Well, Bye

Carlos Coste From Caracas, Venezuela
[email protected]
http://www.carloscoste.com

Translating that last part of Carlos's post for those who don't speak Spanish:

"We lost very much time, training, money, effort and sacrifice for this great stupidity. On top of it all, my image as a serious sportsman is being damaged in the eyes of the press due to the lack of clarity in the decision."


Adrian
 

Jorg

Sharkbait
Nov 15, 2001
793
96
133
The official answer of AIDA International:
-------------------

Dear Carlos,
We can understand your grudge and we do apologize for the inconvenients of this problem, but we would like to add some comments to your message.

The AIDA Regulations for World Record recognition clearly mention that only the AIDA Executive Board, usually representated by the AIDA Responsible for Records (Mr Dieter Baumann) or the AIDA President (me) are able to recognize definitely any World Record performances.

As these few persons are of course not able to go for each World Record attempts all around the world, the AIDA International Judges are sent in the attempts to observe and to check if the regulations are respected or not, if the measurment is correctely made or not, etc... And not to help the organization or to teach the athlete what he is allowed to do or not... Then, they send their official reports, with official videotapes, to the Responsible for Records, who definitely checks if everything was perfectely respected or not ?

And I would add that the Judges would be greatly helped if the athletes would also knew the Regulations, and take care about what they are allowed to do or not... So, you also aren't a serious nor a professional athlete as far as I can see... But you're right on one point, AIDA nor the AIDA Judges are professionnals, but only amateurs who work to try to help other amateurs in our sport... Like you, like me, and like probabely most of the persons reading this message.

Sincerely,

Sébastien NAGEL, President of AIDA From Lausanne, Switzerland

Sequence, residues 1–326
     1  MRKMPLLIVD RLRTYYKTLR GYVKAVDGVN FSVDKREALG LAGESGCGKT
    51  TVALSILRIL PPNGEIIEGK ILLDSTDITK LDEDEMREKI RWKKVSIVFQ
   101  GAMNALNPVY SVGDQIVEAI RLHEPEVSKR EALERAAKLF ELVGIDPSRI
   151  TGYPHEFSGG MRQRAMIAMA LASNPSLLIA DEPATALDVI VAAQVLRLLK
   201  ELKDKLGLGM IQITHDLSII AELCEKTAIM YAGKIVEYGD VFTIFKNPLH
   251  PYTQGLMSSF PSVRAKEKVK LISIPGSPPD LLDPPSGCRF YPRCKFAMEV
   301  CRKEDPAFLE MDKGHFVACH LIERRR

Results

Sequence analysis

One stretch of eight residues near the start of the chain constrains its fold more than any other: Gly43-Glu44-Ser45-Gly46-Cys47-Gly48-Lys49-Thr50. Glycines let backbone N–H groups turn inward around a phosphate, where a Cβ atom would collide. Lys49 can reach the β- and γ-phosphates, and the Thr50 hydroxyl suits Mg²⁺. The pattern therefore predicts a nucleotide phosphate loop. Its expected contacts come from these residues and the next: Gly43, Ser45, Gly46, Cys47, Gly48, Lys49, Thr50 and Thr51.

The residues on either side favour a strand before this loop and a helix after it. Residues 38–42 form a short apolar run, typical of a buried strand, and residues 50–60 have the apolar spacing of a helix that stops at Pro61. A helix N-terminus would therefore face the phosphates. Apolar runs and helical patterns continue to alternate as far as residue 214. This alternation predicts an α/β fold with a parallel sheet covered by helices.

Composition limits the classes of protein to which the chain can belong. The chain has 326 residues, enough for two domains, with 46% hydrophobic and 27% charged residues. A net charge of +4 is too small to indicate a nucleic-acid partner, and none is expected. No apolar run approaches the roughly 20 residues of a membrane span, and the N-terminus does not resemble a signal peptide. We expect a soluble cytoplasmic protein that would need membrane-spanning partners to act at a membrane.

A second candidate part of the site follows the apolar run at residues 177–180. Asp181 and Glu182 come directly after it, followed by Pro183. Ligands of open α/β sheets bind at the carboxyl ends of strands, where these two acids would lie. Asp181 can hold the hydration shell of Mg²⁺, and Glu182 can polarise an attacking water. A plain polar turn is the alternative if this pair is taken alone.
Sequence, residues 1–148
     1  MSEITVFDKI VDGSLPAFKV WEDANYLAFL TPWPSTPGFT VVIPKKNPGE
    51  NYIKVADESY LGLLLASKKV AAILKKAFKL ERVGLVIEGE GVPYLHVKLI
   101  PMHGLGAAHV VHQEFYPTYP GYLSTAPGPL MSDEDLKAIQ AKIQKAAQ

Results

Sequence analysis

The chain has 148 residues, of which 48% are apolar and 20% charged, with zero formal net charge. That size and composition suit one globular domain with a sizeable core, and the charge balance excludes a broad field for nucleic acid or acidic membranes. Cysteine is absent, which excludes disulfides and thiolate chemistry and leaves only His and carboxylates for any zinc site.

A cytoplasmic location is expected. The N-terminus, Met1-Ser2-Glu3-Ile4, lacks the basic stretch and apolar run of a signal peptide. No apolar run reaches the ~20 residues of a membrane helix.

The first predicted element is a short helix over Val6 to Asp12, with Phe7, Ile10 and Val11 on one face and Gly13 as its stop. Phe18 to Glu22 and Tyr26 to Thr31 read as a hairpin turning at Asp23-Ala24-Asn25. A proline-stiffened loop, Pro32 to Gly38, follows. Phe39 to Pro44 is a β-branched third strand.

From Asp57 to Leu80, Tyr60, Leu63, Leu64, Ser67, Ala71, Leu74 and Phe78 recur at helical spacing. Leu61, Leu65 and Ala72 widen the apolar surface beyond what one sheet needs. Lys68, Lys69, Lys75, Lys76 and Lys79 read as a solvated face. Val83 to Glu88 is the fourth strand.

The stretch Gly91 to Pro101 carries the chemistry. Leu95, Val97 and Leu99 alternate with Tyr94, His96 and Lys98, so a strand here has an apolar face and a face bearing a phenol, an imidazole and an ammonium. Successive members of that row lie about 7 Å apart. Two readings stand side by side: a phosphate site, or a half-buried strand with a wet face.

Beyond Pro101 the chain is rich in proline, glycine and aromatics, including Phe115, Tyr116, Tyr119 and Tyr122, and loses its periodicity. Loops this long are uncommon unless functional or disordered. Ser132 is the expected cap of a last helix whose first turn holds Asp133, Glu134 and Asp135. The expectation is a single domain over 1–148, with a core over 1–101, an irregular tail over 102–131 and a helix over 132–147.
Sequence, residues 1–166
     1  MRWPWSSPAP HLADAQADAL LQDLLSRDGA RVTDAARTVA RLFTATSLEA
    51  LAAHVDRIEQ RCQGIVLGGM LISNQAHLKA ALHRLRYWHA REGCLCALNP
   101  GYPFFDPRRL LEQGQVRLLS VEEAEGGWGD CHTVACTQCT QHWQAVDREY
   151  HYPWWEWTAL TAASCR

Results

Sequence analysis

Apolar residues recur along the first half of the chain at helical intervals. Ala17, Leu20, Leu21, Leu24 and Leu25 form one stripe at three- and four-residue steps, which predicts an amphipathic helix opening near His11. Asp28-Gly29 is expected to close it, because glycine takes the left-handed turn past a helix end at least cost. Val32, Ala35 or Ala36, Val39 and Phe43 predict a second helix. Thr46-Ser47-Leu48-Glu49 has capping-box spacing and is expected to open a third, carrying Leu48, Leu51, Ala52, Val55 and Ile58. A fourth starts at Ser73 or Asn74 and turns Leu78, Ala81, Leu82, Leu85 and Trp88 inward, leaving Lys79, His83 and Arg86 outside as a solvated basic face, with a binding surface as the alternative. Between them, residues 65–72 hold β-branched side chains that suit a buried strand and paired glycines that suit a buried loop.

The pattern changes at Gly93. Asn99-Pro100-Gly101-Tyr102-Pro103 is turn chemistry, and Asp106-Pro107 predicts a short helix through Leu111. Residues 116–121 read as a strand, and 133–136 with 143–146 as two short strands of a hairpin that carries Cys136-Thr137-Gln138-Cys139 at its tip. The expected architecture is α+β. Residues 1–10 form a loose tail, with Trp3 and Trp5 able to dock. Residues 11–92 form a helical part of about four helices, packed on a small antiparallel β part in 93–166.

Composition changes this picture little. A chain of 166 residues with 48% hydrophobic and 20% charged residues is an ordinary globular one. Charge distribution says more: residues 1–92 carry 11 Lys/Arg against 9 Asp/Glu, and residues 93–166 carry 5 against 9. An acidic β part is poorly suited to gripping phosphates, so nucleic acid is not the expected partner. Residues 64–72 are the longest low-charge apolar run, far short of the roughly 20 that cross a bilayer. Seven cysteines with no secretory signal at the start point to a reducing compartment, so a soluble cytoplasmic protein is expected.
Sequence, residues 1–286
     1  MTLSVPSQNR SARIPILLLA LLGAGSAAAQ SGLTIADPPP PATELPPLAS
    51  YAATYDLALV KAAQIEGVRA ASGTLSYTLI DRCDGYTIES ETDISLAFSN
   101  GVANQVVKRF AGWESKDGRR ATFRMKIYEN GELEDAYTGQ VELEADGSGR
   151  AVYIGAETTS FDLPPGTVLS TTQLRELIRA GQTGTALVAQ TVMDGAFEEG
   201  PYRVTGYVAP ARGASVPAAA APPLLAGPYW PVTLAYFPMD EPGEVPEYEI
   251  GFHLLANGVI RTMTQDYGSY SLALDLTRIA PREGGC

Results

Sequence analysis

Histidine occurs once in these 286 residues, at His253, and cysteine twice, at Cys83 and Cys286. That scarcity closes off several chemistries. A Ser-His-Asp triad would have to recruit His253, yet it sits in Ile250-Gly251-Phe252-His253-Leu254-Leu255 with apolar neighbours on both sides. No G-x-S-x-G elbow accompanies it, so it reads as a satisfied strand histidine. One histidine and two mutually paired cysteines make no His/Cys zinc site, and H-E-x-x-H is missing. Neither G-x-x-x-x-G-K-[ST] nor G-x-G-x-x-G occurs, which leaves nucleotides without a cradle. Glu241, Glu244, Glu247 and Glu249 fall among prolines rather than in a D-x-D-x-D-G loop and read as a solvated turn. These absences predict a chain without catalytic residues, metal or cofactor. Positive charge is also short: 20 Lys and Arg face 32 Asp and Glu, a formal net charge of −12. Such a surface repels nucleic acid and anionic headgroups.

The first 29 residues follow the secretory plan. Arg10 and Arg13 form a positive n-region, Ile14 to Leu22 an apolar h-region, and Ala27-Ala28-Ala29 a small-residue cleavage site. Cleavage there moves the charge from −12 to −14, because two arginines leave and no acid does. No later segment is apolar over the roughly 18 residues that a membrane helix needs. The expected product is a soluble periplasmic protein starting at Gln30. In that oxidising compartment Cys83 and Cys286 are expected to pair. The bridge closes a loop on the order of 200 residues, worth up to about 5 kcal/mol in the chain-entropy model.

[email protected]
http://www.aida-international.org
 
  • Like
Reactions: fpernett

fpernett

Well-Known Member
Nov 7, 2001
832
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A lot of words, but what was the reason to not validate the record?.
[thanks for the info Jorg]
 

Erik

Well-Known Member
Jan 21, 2001
4,731
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It really bothers me that a guy can spend hours and $$ and just get "invalid" posted on the web. How about an explanation of why? Or did I miss it somewhere?
Erik Y.
 

Walrus

Oz freediver
Oct 3, 2001
693
77
0
My first reaction was I thought it was unfair, he only grabbed the rope once. What I didn't know is you are only allowed to grab the rope AT THE BOTTOM. Apparently they re-wrote the rules within the last year:-


6.6.3 The freediver must descend and ascend without fins or any other means of propulsion. He may not pull
on the rope during descent or ascent. Only a single hold on the rope without shifting the point of
support is allowed in order to stop the descent and start the ascent.

So yes Carlos broke this rule, so if anyone is to blame it would be the judges on location for not being %100 certain and checking if what Carlos did is allowed under the rules.

It's a pity, Carlos is a great athelete and clearly made the dive clean. I know of at least one intance of a record being set when there was a very obvious line violation, yet it was Ok'd by AIDA ?!


:duh :duh

Cheers,
Wal
 

CEngelbrecht

Well-Known Member
Oct 31, 2002
618
97
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---
It's a pity, Carlos is a great athelete and clearly made the dive clean. I know of at least one intance of a record being set when there was a very obvious line violation, yet it was Ok'd by AIDA ?!
---